There's still a chance Stephen Harper may soon head to China for high-level meetings with Beijing's leadership even though the Prime Minister is skipping a major Asia Pacific summit there so he can commemorate slain soldiers in Canada on Remembrance Day.
There are warnings that key Canadian priorities will fall by the wayside if Mr. Harper can't make the trip.
China watchers say there are ongoing efforts to arrange a bilateral visit for Mr. Harper, one that could occur as early as next week with the goal of ensuring the Prime Minister can meet with senior leaders, such as President Xi Jinping.
Such a schedule would leave time for Mr. Harper to return to Canada before Nov. 11, when the deaths of two soldiers killed last week will figure prominently in Remembrance Day ceremonies.
He abruptly announced Monday he would cancel his attendance at the Asia Pacific Economic Co-operation summit on Nov. 10-11, an announcement that drew criticism in China, where it was seen as a "disappointment" and an unwise decision to place domestic affairs ahead of international concerns.
Canada's business establishment and the family of a detained Canadian couple are urging the Prime Minister to follow through and attend top-level talks in Beijing that had been tentatively scheduled for next week, separate from the APEC summit.
Without the Prime Minister's presence, business leaders say, Canada is unlikely to immediately secure a much-wanted deal to trade Chinese currency at home. It may also squander an opportunity to intercede on behalf of Kevin and Julia Garratt, who have been held for almost three months on suspicion of stealing state secrets but have not been formally arrested.
This visit is still far from certain.
Wenran Jiang, a senior fellow at the Asia Pacific Foundation of Canada and a special adviser to the Alberta government who's in Beijing for a conference, said "working level efforts" are under way. Key details remain to be worked out.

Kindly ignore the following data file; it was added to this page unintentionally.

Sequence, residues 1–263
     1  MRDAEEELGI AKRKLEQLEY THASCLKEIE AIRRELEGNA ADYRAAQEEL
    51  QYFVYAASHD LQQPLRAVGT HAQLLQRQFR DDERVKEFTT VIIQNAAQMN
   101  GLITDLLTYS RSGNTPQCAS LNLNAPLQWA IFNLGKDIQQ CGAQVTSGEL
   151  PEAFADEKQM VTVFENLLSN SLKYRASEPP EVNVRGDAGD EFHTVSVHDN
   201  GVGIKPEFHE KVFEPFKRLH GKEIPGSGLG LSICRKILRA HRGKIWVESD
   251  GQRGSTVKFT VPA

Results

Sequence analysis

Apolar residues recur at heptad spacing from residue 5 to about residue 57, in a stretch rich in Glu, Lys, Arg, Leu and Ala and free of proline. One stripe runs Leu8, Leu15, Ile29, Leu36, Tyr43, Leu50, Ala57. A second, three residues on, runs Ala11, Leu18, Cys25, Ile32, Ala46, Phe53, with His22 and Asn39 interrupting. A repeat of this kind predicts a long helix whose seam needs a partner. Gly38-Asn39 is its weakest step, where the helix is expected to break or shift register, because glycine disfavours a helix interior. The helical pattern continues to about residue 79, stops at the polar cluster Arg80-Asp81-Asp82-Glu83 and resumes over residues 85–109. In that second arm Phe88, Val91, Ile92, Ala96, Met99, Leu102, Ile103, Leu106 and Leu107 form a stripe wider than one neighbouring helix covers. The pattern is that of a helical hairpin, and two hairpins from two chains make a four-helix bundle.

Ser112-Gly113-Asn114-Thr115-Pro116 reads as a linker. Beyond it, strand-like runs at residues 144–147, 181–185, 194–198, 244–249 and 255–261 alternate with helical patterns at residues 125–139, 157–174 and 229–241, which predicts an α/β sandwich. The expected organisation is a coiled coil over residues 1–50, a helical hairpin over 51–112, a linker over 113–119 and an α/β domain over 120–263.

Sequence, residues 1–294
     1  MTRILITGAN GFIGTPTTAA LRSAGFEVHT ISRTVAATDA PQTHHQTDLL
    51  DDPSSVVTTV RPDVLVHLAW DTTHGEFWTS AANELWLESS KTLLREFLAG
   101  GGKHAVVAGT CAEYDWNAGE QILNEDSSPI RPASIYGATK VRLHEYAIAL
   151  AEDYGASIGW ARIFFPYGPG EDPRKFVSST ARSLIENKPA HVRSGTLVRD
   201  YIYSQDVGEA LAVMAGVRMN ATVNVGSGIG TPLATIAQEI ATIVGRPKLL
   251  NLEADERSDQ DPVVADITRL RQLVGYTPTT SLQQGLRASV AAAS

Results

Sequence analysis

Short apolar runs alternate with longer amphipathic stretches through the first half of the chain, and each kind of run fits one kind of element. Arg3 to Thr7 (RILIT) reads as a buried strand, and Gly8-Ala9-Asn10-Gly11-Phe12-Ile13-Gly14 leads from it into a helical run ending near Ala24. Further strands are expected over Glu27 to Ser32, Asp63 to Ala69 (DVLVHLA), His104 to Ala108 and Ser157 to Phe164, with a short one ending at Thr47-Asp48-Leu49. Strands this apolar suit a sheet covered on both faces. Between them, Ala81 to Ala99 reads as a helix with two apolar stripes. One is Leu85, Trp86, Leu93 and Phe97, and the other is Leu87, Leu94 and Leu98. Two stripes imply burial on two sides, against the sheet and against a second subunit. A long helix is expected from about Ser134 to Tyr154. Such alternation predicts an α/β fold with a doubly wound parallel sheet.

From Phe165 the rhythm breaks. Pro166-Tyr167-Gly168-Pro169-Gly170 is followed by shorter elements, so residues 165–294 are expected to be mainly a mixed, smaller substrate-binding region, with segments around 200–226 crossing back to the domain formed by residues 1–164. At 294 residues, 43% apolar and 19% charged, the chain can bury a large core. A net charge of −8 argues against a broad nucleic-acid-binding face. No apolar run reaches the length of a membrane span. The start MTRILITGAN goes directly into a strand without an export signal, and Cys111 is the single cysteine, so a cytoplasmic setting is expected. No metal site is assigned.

"Will Beijing treat him as a priority with short notice and change schedule when a lot is going on?" he said.
David Mulroney, a former Canadian ambassador to China, said it's important for Mr. Harper to meet with Mr. Xi, the Chinese President. The Prime Minister's last official visit to China was February 2012 and Mr. Xi has not journeyed to Canada since taking office.
"China is at the best of times hard to understand and it's becoming even a little harder as it becomes bigger and more ambitious," Mr. Mulroney said. He predicts the relationship will grow steadily more difficult to manage in the years ahead.
Building a good rapport with Mr. Xi is key. "He is presiding over everything, including economic reform, so he is the person who is very clearly running China and to whom everyone else will defer and it's important to have a channel of communication open to him," he said.
Substantial work has gone into a bilateral visit with working dates proposed for meetings with the Chinese leadership – Nov. 5 and 6 – that would set the stage for the first formal tête-à-tête between Mr. Harper and Mr. Xi. Advance staff from Ottawa have flown to China to scout locations.
The business community had hoped these meetings would establish Canada as a hub for settlement of China's currency, the renminbi. Senior figures in the banking community had told The Globe and Mail they expected a deal toward that end to be signed in Beijing.
If Beijing grants Canada RMB settlement hub status, Canadian exporters and importers would be able to convert directly from loonies into RMB, saving the expense of first going through U.S. dollars. Some $20-billion in new import and export revenues could also result, the Canadian Chamber of Commerce has estimated.
The Garratts' childen also want the Prime Minister to come to China. "If Mr. Harper is there, he's less than an hour flight from where two innocent Canadians are detained," said Simeon Garratt, the couple's eldest son. "I would prefer that he go and make a point of having my parents released."
But the Prime Minister's Office has yet to confirm whether he will attend amid behind-the-scenes political jockeying that stands to introduce new fissures into a relationship already damaged in recent months by mutual allegations of spying.
"It is still to be determined whether he will come to China for a bilateral visit," a Canadian official said Tuesday.